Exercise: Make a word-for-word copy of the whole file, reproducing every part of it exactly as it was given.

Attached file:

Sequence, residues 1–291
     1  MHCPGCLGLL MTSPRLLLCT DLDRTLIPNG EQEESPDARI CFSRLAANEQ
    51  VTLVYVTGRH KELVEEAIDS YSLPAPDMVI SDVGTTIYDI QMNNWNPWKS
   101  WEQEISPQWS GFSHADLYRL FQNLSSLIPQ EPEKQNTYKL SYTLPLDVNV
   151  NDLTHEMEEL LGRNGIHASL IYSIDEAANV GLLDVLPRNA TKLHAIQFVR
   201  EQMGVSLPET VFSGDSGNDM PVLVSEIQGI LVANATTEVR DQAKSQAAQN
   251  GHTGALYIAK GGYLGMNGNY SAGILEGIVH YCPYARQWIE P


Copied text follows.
Sequence, residues 1–291
     1  MHCPGCLGLL MTSPRLLLCT DLDRTLIPNG EQEESPDARI CFSRLAANEQ
    51  VTLVYVTGRH KELVEEAIDS YSLPAPDMVI SDVGTTIYDI QMNNWNPWKS
   101  WEQEISPQWS GFSHADLYRL FQNLSSLIPQ EPEKQNTYKL SYTLPLDVNV
   151  NDLTHEMEEL LGRNGIHASL IYSIDEAANV GLLDVLPRNA TKLHAIQFVR
   201  EQMGVSLPET VFSGDSGNDM PVLVSEIQGI LVANATTEVR DQAKSQAAQN
   251  GHTGALYIAK GGYLGMNGNY SAGILEGIVH YCPYARQWIE P